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Monday, February 01, 2010
Volume 15 | # 353
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Don't stumble over something behind you. » Seneca

Drafting Your Own Story

Growing up just south of New Orleans, I am a longtime (and usually suffering) Saints fan. Because of that, I’ve likely read a hundred different columns, stories, and reports about last week’s NFC Championship Game.

Saint’s fans keep reading the results over and over again…just to be sure it actually happened.

In the course of my reading, I came across what I found to be an amazing fact in a column by Gregg Easterbrook of The factoid he shared reminded me of a subject that I’ve written and spoken about many times over the years.

That subject is the importance of not allowing “experts” to convince us that we are unable to achieve things we have our minds set on achieving.

Easterbrook pointed out that of the 88 players who started in the AFC and NFC championship games, 19 of those players were undrafted. We’re not talking about simply being on the squad. We’re talking starting lineups.

Think about that for a moment. About 1 of every 5 starters on Championship Sunday was initially passed over by a league with a talent evaluation process that is supposedly second to none.  These weren’t “late round” draft picks. These were many guys who dreamed of the day an NFL team would call their name on draft day… only to hear team after team repeatedly pass on them.

Hiring the right talent is the lifeblood of NFL teams. The stakes are huge. Because of this, they spend incredible amounts of time and money on scouting, player interviews, watching hours of game tape, interviewing past coaches and teammates, micro-analyzing mental and physical performances at combines, etc. They have one of the most expensive, sophisticated, and objective talent evaluation processes of any business in the world.

And 1 in 5 of the top performers on the top 4 teams in last week’s championship games was at one time told that he wasn’t good enough to make an NFL team. Each dealt with rejection. Each had to make the decision not to give up on a goal a lot of “experts” told him that he wasn’t going to achieve. 

Most of us never face the public rejection of not being “drafted”. But disappointments, setbacks, and non-believers are a part of business… and life. Remember that the only person who knows what you are capable of is you.

And it’s up to you to prove it.

Coffee House Blues

I was saddened recently to find that a coffee house I was fond of had gone out of business. It was located about 10 miles from my home and away from my daily routine. But on many Sunday mornings, I would spend a couple of hours writing or researching things at my regular table.

When the initial surprise and disappointment passed, I couldn’t help reflecting on some of the factors that likely led to the place’s demise.

It wasn’t the products, the pricing, or the service. The place was always clean. The furniture and décor were welcoming. The products were as good as or better than anyone’s and comparably priced. The two regular employees there were always nice and even remembered my regular order.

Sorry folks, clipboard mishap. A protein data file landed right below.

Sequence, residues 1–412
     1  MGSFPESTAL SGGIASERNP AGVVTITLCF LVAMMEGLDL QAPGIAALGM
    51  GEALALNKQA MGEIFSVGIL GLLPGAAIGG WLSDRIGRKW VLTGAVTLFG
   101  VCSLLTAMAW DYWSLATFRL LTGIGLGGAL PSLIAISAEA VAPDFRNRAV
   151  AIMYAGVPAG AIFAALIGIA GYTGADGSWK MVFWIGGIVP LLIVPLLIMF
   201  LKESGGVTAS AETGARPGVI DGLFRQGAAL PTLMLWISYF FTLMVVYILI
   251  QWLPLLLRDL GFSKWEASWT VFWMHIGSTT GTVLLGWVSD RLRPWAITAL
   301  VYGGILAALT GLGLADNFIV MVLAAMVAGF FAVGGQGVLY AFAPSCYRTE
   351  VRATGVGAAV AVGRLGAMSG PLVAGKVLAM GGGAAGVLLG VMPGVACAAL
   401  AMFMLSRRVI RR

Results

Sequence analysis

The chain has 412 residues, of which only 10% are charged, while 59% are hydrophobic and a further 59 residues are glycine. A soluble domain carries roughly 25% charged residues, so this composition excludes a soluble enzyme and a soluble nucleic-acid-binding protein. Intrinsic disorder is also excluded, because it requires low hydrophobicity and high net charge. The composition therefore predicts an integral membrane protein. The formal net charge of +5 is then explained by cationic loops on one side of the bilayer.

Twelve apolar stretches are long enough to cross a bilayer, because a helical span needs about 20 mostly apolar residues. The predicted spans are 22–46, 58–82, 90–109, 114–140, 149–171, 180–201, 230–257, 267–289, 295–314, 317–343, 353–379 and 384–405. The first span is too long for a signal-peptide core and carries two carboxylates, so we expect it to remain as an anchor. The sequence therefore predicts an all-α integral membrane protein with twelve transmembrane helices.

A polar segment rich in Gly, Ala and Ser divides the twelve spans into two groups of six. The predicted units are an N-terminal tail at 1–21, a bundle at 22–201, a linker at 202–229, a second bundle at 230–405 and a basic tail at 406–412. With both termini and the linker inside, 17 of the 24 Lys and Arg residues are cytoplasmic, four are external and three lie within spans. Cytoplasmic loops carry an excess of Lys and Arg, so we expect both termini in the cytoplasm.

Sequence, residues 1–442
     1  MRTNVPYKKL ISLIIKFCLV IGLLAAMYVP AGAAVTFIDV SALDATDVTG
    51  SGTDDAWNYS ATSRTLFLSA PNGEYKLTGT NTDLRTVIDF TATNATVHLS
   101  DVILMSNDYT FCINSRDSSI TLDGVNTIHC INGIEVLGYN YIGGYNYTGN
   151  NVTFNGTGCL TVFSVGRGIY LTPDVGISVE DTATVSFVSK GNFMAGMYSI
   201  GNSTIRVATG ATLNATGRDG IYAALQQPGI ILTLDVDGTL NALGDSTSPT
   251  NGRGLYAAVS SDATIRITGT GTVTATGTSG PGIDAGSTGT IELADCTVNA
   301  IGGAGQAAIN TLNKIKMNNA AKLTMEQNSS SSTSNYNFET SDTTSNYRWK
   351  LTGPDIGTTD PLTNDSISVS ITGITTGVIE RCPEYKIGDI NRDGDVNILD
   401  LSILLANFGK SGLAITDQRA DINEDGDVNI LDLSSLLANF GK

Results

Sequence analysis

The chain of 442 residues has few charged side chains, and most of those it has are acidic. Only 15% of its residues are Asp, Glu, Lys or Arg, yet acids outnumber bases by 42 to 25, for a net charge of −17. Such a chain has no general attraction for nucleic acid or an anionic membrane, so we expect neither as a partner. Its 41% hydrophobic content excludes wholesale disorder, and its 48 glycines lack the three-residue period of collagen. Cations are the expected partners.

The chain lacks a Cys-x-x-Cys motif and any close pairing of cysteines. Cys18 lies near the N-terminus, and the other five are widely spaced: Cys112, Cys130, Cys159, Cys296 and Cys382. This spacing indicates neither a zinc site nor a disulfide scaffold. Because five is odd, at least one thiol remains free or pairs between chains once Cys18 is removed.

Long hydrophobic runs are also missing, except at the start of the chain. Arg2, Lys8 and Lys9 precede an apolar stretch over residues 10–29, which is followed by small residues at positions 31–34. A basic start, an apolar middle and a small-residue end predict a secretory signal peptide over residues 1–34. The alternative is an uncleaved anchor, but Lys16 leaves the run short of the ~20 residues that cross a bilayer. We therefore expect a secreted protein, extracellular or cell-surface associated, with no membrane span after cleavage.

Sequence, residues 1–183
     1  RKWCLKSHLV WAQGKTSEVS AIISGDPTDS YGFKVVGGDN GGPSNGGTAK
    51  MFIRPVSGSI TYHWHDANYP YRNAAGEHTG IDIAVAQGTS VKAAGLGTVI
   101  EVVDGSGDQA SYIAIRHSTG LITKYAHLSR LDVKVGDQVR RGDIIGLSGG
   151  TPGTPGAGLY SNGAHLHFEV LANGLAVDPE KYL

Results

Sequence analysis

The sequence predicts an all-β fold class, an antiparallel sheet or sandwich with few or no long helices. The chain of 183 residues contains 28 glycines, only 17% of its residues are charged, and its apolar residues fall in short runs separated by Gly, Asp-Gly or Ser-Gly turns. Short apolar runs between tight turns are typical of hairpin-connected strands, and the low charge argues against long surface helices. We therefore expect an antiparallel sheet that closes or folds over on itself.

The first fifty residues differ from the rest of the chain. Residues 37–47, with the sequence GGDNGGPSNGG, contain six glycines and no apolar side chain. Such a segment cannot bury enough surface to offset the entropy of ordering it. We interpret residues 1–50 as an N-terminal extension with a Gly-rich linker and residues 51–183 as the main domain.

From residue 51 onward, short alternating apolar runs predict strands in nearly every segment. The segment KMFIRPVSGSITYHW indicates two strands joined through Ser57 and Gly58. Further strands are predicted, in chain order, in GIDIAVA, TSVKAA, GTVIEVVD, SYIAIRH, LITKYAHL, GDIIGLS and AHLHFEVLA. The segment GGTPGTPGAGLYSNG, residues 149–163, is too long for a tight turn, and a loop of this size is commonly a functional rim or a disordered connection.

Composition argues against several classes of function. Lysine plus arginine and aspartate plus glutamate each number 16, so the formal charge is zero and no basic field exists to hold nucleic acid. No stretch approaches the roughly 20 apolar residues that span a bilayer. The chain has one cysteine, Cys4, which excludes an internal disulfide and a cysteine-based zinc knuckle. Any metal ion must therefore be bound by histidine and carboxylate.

But it dawned on me that until I walked up to the door, I wasn’t sure the place had closed. Sure, the parking lot was pretty empty, but nothing on the outside of the shop looked different now that it was out-of-business.

And while it was located just off a busy highway, it was tucked just far enough away from the road to peacefully blend into the background. Good products, prices, facilities and service are of no great use if your target market remains oblivious to your very existence.

The other thing that struck me is that I never saw the end coming. Maybe Sunday mornings were busier than other times. But their “game plan” apparently remained unchanged right up to the day they closed the doors.

As I drove away, I envisioned helium balloons, temporary parking lot and roadside displays, targeted giveaways, etc. that I wished they would have attempted. It’s a pretty simple concept. If what you’re doing now isn’t working for you… uh… maybe try something else. I’m just saying.

But the owner was likely convinced that he had the right products and prices and that would be enough. Sadly, this often isn’t the case.

Consider whether this coffee house’s lessons may apply to you. How easy is it for passersby to miss seeing you? When your branch is open, does it actually look, you know… open? And what does it look like when you go home? Is it an appealing billboard or a dark storage facility?

Hopefully your results are what you’d like. If not, how married are you to the tactics that are producing those results? It’s not customers’ jobs to find us.

It’s our jobs to make ourselves hard to miss.

We are what we repeatedly do. Excellence, then, is not an act, but a habit. » Aristotle

Disclaimer: The views and opinions expressed in these columns are solely those of the author and do not necessarily represent those of any affiliated entities or sponsors.
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